Child Support

High Income Child Support Cases Must Still Access The Reasonable Needs Of The Children

To avoid unduly large child support awards, trial judges calculating support obligations in high-income cases must assess the reasonable needs of the children, the Pennsylvania Supreme Court has ruled in a decision the plaintiff’s attorney called “historic.”

The court unanimously ruled in Hanrahan v. Bakker that the high-income child support guidelines found at Pa.R.C.P. 1910.16-3.1, which were adopted in 2010 and apply when both parties’ combined net income exceeds $30,000 per month, do not obviate the need for a discrete analysis regarding how much money is actually necessary to meet the reasonable needs of the children.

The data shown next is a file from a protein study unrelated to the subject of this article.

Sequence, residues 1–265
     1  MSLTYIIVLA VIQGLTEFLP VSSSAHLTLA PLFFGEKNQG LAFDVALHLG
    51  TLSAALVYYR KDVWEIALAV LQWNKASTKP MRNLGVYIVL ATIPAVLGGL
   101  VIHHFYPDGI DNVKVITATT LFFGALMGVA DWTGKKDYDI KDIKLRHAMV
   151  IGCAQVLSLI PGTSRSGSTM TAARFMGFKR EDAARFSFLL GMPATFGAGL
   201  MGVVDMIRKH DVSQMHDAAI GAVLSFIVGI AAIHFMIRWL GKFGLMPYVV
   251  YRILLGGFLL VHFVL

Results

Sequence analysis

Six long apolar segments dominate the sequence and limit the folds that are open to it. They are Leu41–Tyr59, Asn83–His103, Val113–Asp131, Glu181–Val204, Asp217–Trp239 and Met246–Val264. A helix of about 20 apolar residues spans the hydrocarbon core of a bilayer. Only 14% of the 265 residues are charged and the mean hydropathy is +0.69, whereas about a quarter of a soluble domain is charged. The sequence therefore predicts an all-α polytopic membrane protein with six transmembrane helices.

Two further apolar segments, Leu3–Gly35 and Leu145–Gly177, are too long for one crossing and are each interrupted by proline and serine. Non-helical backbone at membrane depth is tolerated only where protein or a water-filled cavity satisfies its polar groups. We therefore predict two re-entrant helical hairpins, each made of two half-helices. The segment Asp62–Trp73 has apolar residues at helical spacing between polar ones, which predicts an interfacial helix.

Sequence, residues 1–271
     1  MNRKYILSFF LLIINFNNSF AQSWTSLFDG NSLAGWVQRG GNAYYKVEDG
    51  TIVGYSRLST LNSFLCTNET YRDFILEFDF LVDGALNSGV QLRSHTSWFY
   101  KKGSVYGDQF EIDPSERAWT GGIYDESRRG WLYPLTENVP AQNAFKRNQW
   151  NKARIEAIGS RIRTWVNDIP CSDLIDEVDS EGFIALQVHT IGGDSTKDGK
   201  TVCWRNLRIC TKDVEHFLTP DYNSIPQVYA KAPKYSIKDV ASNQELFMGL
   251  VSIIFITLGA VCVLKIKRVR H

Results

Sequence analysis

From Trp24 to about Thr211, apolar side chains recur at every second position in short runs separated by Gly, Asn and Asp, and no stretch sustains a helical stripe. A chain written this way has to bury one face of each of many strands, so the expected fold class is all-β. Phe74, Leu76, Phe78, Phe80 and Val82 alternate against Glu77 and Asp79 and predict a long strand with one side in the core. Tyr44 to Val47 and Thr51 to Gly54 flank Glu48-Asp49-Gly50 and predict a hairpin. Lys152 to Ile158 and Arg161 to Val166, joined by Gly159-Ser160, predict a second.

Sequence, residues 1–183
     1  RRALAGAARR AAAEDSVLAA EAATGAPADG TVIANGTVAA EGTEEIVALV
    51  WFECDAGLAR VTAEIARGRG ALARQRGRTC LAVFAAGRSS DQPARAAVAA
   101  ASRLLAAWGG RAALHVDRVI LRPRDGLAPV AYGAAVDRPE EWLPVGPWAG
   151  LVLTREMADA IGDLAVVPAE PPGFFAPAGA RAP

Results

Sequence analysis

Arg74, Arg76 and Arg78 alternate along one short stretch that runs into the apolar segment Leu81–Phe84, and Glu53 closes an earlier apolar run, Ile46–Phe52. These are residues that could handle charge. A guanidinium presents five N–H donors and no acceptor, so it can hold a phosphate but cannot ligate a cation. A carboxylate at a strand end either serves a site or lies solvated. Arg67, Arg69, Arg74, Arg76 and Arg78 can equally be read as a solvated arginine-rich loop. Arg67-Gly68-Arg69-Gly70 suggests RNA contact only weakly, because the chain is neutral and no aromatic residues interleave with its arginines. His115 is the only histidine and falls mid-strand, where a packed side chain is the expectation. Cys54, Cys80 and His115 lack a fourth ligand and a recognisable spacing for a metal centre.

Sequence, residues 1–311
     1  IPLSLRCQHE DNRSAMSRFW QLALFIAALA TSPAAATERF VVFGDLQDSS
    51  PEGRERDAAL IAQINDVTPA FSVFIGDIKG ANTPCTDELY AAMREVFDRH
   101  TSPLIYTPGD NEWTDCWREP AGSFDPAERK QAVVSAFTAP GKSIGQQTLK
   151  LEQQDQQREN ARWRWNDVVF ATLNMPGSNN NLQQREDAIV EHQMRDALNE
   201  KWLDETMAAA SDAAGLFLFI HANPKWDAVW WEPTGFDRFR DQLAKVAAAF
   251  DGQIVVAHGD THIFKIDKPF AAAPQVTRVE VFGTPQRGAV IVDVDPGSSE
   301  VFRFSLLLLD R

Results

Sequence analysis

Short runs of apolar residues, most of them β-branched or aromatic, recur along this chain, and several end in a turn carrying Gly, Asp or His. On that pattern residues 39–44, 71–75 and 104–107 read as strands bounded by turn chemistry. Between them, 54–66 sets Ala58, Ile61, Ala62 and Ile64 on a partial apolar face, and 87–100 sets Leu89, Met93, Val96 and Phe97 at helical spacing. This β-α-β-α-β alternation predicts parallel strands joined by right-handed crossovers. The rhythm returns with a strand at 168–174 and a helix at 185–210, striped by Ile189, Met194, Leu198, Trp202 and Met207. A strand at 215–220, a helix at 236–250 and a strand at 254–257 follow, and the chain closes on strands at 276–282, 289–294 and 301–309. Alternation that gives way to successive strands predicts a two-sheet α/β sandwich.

The ruling drew a distinction between the methodology for determining child support in standard income cases and the additional considerations that must be made in high-income cases.

Justice Max Baer, writing for the court, said that “because Rule 1910.16-3.1 is based upon an extrapolation of economic data establishing reasonable needs for children in standard income cases rather than actual economic data establishing reasonable needs for children in high income cases, a court should consider the particular children’s reasonable needs in applying that rule to fashion support awards in high income cases.”

“Specifically, a court is to conduct a separate reasonable needs analysis in the third step of the high income guidelines by assessing the deviation factors found in Rule 1910.16-5(b), in conjunction with the income and expense statements required in such cases,” Baer said. “In so doing, the court must make findings of fact on the record or in writing in making a final child support award.”

Reference: Zack Needles, Of the Law Weekly, Pennsylvania Law Weekly, Vol. XLI, No. 26, Tuesday, June 26, 2018, Hanrahan v. Bakker, PICS Case No. 18-0767

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